I promise this entry is going to be mostly photos. If you’re an incredibly impatient visual learner or unalphabetized photographer, just scroll past the text and get to the good stuff!
Las Cataratas del Iguazú (Spanish) or Cataratas do Iguaçu (Portuguese) is now considered one of the seven natural wonders of the world. I decided it would be best to go while I live within a 1000 mile radius. AFS Jujuy took a trip to the falls in May but I was not provided with the information in time to go. Big surprise. Not. AFS Argentina and AFS Tucumán especially are pretty disorganized. So when I found out that AFS Córdoba was going a month later, I jumped. Getting a visa would be complicated, but I refused to miss the trip for a second time. After countless phone calls to the Consulate in Salta (I don’t think we ever found the right number), we got a response via email: we don’t give out visas here. So in the next week I’d have to: hope to get through to the Consulate in Córdoba, make an appointment, pay for bus passage there and back (650 pesos each way), ask permission to miss work (Mom) and cut school (me), 7 hour bus ride there, be interviewed, 7 hours back. Complicated. It would take a miracle. Or an epic coincidence: during the months of June, July and August of this year only, US Citizens do not need a visa to travel to Brasil. Why? The Olympic Games in Rio! I was disappointed in 2009 when Chicago didn’t get the bid for the 2016 summer games, but now I was pleased.
There was still an obstacle to hurdle. The money. It’s not that I couldn’t pay. I just couldn’t hold on to the cash. What do you do?
Take out money from an ATM a few weeks in advance to save for the trip, go to Jujuy with your host sister and spend it all buying gifts for your family, take out money from an ATM to replace what you spent in Jujuy, blow most of it on a winter coat because although the temperature is not that low, the cold is humid and it penetrates to your bones, get mad when you notice by the following day the coat has already lost two buttons even though you bought it at “el shopping” (as they call the mall, which typically has higher quality merch and prices to match), spend the rest of the cash on the pinny for your school’s marathon, find out you can’t go to the Marathon because AFS has an end-of-stay orientation, gift the pinny to your friend’s cousin, take out money from an ATM by your school to pay the travel company, deposit it at a different bank in center city, freeze your patootie off at the AFS camp despite wearing your cheap-@$$ coat, take out money from an ATM to use on the trip, decide to go paragliding and effectively spend half the money you’ve just taken out to jump off a mountain with a complete stranger, take out money from another ATM, buy bus tickets to and from Córdoba the night before the trip leaves, take out money from an ATM that morning, pack your bags, and go!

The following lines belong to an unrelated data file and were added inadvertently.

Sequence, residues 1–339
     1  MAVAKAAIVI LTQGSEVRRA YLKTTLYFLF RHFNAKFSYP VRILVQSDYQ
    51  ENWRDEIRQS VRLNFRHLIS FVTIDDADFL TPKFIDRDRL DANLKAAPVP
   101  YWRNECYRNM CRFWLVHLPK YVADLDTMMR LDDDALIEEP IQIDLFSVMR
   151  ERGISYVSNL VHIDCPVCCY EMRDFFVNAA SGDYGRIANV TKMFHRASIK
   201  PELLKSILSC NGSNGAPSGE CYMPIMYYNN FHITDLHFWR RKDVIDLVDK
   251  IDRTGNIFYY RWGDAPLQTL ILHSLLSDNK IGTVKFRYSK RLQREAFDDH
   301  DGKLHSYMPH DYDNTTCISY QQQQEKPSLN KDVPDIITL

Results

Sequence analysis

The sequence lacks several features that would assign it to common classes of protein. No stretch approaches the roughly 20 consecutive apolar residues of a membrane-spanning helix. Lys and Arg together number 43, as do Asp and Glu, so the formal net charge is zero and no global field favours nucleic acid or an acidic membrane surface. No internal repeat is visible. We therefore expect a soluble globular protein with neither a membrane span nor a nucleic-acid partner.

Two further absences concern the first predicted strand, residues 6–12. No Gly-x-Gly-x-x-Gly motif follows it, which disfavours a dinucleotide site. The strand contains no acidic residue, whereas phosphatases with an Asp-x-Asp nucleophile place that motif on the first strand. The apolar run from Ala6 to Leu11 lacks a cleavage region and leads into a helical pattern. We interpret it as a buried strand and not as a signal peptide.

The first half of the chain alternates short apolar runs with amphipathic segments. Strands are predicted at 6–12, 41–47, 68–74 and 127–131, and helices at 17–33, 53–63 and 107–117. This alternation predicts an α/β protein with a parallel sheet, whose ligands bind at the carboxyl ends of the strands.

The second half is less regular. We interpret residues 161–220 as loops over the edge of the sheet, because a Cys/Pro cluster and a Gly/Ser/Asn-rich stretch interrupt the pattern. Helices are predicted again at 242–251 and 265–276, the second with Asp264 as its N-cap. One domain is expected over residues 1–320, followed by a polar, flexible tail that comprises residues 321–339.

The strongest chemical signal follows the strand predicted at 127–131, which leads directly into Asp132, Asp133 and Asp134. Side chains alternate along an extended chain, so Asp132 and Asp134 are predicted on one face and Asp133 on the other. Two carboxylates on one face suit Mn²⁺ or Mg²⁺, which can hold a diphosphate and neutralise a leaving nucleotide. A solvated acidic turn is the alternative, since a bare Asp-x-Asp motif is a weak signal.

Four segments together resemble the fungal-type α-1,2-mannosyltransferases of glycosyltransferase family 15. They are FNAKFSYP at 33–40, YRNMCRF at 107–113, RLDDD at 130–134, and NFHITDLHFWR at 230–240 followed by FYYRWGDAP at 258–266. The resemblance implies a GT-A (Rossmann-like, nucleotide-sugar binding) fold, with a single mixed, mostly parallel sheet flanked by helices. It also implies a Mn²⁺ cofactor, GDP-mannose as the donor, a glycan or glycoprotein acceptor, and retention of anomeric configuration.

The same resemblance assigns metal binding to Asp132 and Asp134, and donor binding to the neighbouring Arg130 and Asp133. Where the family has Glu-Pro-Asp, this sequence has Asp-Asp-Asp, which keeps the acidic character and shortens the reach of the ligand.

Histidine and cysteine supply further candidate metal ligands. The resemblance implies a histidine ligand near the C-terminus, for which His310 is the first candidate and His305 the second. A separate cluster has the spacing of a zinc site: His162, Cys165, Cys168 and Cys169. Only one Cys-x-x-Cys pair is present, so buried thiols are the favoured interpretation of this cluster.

The food on the trip was super expensive. We stopped at several churrasquerías (Brazilian steakhouses) with buffets. The price ranged from 120-200 pesos. When you convert, it does not sound that bad (8-14 USD), but food is really cheap in Argentina and so it seemed like a fortune to us. The excursions/tourist-traps were also costly. The park entrances were more expensive for us seeing as we exchange students were not from countries in the MercoSur trade alliance. AFS had advised us to bring 2500 pesos for the trip and it was not nearly enough. Each student dealt with the $ shortage with some combination of the following strategies: 1) not going on all excursions 2) taking out money in reales by our hotel (Brazilian currency) 3) eating a ton of Sandwiches de Milanesa and/or bought snacks from kiosks instead of lunching like a king at the steakhouses.
Minas de Wanda (Misiones, Argentina):